When a marriage is celebrated, a community of property (CoP) is created. It is a specific form of co-ownership that can arise exclusively between spouses and is governed differently from general co-ownership.
Shared ownership vs. community of property
As a result of inheritance proceedings, the dissolution of the community of property, a contract and other factors, you may become a co-owner of the property, i.e. not the sole owner. How is co-ownership then different from SJM?
The matrimonial property is not divided by shares, as a co-owner you are the owner of your share. The subject of co-ownership can be co-ownership of an apartment, a house, land, etc.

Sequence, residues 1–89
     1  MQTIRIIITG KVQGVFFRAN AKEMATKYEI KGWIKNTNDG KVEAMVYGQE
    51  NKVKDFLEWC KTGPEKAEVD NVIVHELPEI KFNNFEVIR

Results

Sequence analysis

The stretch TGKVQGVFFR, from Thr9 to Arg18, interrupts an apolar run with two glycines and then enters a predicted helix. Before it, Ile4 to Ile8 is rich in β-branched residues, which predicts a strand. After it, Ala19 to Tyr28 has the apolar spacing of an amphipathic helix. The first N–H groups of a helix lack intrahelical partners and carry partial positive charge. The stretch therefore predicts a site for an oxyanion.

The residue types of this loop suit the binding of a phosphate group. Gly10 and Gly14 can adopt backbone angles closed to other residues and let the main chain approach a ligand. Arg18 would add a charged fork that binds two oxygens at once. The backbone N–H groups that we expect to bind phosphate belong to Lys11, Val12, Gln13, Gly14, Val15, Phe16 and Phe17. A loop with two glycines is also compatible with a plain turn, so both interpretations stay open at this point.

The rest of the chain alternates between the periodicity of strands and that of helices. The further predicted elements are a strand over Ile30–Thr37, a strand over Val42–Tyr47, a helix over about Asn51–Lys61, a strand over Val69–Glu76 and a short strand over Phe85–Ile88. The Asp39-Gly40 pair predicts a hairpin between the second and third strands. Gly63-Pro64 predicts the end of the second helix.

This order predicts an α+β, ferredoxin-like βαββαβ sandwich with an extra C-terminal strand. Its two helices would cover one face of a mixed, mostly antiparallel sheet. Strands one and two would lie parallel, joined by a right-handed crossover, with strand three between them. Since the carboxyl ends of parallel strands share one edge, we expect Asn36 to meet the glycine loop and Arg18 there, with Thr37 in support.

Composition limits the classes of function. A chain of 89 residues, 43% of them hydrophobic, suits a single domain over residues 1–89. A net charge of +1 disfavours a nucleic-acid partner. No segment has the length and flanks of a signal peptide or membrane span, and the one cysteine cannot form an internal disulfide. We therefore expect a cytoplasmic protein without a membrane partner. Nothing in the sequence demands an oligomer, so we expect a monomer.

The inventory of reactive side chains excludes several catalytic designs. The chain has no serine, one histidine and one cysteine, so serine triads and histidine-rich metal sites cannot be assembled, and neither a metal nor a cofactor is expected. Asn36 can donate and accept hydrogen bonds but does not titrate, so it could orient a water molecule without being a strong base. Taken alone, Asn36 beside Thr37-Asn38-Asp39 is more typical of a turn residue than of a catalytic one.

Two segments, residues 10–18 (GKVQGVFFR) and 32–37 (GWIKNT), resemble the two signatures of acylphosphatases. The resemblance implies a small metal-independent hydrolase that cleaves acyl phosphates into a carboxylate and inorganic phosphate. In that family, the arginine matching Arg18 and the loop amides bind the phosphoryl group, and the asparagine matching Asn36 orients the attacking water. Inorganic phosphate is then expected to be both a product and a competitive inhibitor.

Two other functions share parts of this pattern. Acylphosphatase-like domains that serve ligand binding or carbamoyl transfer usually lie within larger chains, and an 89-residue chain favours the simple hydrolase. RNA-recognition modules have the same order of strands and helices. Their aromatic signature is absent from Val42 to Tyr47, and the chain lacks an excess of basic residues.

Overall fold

The community of property, as SJM can also be called, includes assets and debts, even the salary of both spouses, from the moment it is paid or credited to them.
On the other hand, the matrimonial property does not include items of personal use (clothing and toiletries), what one of the spouses has received as a gift or inherited (unless the gift or inheritance was expressly intended for both spouses), what one of the spouses has acquired as compensation for non-pecuniary damage, by a legal act relating to his/her exclusive property, or what he/she has acquired as compensation for damage, loss or destruction of his/her exclusive property.